("I’m thinking of a number between 1-20. First person to guess it gets to be Strikeforce heavyweight grand prix champion. No shit, we’ll give you a belt and everything." PicProps: Canvas Chronicle)
So, in a nutshell? Strikeforce held a conference call yesterday where it contradicted many of the things it just told us last week about its proposed heavyweight grand prix tournament. No, the title won’t be on the line. No, the fights (excepting the final) won’t be five rounds. Instead, the winner will become the Strikeforce tournament champion and will get a shot at Alistair Overeem’s belt after the grand prix wraps up … some time in like 2015. Unless Overeem himself wins the tournament. In that case, aside from The Reem having another hunk of gold to add to his collection and Strikeforce having zero title contenders left, we have no idea what happens next. From the sound of it, neither does Strikeforce.
Some other oddities in the tournament “rules” revealed yesterday: In the unlikely event of a draw, the promotion will call upon a fourth judge to break the tie. That’s cool, because draws suck. It’s also shitty, because the “fourth judge” will reportedly be appointed by Strikeforce, not an athletic commission and therefore stands to be even less trustworthy than the blind simpletons who normally score MMA fights. Also, in the very likely event that someone can’t continue in the tournament due to injury (or some other reason) a five-person “tournament committee” comprised of Strikeforce officials will handpick a replacement. If you think this concept is obviously rife with major conflicts of interests, well, you’re right. Don’t worry though, it will all sound very official. Kind of like in the ’80s when “Jack Tunney” used to be the “president” of the WWF.
Anyway, after the jump, some meditations on how all the things we told you in the above two paragraphs could potentially make this tournament go all fubar. We have questions, people. Tons of questions.
From the start, it never really made any sense to have the Strikeforce heavyweight championship on the line in each round of this tourney, but taking the belt out of the equation while leaving the champion in makes even less sense. Essentially the company is allowing its already absentee champ to put the title on ice for yet another year. It’s also hard to see how creating an additional, totally separate tournament belt will help matters. Like we said at the top, the tournament champion will assumedly get a future shot at the regular champion … unless the tournament champion and the regular champion are the same guy. That’s confusing, we know, but actually possibly less confusing then the alternative …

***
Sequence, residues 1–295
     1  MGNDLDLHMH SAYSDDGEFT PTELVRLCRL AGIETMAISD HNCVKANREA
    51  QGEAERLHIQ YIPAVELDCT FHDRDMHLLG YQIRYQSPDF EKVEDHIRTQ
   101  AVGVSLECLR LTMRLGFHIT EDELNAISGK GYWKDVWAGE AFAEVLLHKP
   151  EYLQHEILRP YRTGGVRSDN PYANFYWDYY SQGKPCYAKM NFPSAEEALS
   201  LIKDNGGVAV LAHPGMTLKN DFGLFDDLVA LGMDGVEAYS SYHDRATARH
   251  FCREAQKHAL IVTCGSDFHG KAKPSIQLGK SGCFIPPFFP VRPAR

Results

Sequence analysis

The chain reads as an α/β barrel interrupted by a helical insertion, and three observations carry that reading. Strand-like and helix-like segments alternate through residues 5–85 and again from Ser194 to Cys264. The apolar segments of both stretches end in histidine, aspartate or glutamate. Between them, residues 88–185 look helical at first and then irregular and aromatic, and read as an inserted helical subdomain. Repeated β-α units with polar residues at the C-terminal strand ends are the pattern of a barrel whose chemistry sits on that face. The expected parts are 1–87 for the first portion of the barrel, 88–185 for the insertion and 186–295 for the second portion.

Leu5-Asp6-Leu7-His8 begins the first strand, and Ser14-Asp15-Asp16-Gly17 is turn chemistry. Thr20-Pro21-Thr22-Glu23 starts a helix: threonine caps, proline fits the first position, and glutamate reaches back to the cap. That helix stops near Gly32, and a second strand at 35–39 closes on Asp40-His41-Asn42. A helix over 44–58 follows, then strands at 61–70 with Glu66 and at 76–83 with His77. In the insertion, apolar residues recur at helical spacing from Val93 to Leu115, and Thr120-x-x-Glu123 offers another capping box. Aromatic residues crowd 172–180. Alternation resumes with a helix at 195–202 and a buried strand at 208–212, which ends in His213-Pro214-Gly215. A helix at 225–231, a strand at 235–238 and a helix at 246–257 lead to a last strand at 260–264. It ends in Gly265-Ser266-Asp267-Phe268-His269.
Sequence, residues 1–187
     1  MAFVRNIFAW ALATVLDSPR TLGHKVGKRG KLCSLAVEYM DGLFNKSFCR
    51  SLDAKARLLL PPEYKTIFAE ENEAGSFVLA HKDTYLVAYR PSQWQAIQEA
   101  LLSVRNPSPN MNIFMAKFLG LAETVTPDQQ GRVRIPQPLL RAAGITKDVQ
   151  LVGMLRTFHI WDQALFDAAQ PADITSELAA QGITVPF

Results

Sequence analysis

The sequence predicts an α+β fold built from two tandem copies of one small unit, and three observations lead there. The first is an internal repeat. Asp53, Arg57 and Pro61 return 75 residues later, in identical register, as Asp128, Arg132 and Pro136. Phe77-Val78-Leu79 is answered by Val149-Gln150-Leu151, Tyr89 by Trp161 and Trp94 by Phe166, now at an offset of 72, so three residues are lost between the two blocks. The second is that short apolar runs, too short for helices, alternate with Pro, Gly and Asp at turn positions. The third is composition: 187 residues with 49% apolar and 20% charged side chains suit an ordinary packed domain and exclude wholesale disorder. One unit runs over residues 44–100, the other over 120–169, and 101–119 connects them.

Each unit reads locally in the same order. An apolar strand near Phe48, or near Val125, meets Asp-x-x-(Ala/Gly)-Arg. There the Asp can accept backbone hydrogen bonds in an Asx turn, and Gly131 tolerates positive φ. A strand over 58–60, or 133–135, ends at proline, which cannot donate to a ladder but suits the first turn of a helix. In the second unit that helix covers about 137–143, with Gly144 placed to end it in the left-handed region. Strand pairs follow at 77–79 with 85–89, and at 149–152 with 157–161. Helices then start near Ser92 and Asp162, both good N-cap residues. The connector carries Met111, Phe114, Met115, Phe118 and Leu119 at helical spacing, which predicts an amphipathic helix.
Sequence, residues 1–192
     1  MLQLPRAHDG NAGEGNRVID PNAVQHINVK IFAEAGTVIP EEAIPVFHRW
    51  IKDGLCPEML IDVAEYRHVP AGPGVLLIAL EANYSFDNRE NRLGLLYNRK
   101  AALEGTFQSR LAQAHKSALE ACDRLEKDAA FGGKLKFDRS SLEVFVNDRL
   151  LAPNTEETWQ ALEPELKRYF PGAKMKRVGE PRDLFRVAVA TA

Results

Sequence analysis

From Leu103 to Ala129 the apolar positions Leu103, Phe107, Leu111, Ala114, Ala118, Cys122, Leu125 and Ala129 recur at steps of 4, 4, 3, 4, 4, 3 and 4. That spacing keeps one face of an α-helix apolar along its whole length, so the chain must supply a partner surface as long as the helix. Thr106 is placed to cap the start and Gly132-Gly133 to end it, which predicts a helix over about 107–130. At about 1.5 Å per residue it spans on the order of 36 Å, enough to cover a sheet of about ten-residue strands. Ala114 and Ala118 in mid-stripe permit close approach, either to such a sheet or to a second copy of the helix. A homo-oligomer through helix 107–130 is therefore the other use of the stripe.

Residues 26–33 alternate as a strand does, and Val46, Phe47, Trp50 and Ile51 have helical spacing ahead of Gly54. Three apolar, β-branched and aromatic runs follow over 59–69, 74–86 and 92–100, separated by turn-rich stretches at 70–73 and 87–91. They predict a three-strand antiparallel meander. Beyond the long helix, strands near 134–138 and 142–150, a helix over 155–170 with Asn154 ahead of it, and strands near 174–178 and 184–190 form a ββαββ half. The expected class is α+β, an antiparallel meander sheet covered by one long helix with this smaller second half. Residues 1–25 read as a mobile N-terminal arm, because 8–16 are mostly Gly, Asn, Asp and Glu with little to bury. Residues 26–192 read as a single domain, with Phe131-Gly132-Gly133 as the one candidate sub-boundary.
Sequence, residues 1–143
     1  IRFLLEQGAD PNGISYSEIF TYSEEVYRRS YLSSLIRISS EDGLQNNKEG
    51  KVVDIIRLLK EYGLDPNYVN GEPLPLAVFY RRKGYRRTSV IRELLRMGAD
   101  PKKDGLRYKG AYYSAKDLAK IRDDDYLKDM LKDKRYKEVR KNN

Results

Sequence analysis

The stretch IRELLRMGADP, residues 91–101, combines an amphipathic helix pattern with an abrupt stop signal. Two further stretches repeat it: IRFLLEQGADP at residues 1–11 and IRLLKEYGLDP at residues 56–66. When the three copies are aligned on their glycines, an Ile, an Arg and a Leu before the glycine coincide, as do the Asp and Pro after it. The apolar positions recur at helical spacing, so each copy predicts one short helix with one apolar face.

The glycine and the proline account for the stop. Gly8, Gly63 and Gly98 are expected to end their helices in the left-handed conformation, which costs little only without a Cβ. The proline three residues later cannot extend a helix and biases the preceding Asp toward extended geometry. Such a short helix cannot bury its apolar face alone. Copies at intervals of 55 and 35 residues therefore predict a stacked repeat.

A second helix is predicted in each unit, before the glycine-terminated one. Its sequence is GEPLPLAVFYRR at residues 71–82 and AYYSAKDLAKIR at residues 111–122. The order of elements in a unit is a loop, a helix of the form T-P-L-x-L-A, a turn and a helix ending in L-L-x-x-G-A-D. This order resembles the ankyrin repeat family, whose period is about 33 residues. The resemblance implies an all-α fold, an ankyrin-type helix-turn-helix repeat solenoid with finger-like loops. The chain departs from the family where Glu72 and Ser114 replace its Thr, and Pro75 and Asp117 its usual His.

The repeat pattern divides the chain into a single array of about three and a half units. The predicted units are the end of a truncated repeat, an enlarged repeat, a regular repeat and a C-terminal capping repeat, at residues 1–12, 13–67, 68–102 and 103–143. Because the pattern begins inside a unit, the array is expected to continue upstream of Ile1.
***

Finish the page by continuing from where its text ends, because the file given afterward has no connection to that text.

The alternative is this: Let’s say for the sake of argument that a scenario unfolds where Overeem loses to Fabricio Werdum, who in turn loses to Fedor, who then loses to Josh Barnett in the final. Then what? Do you give a title shot to the guy who beat the guy who beat the guy who beat the champ? What happens to the guy who beat the champ in the first place? Does he get a title shot too, maybe after? And if so, what’s the point of this tournament thing again?
Additionally, what if one of Strikeforce’s undesirable alternate fighters wins this thing? What if Chad Griggs gets boosted into the tournament final because Fedor busts his hand in the semis? If Griggs wins the tournament by beating Gian Villante and Werdum, does he get a shot at Overeem? Or in that case do we just sweep it under the rug and pretend like this whole “tournament champion” thing never happened? We’re guessing the latter.
Clearly though, the whole business about a “tournament committee” is Strikeforce’s safety valve in all this. If the grand prix starts heading south, if things aren’t going according to plan – if they’re “going Griggs,” you might say — the “tournament committee” can always step in and reshuffle the deck. Fedor and Overeem both lose in the first round? No problem. The “tournament committee” can just stick them back in there. Heck, maybe even in the finals, if that’s what it takes.
Do you think Strikeforce is above that? We don’t. Not after yesterday’s call, when Scott Coker made it clear that he’s just going to shrug his shoulders and say stuff like “well, that’s how they do it in Japan” every time he has to scramble the rules of his heavyweight GP. He’s right though, this is how they do it in Japan. In Japan, it’s a total clusterfuck and they do whatever it takes to engineer the outcome they desire.
Another thing about that conference call? The Pride comparisons continued to flow like wine. And you know what? Maybe that is appropriate here. Gotta say, a struggling MMA organization comparing itself to Pride is kind of like a struggling singer/songwriter comparing himself to Kurt Cobain. It’s cool for a while … until you get to the part at the end.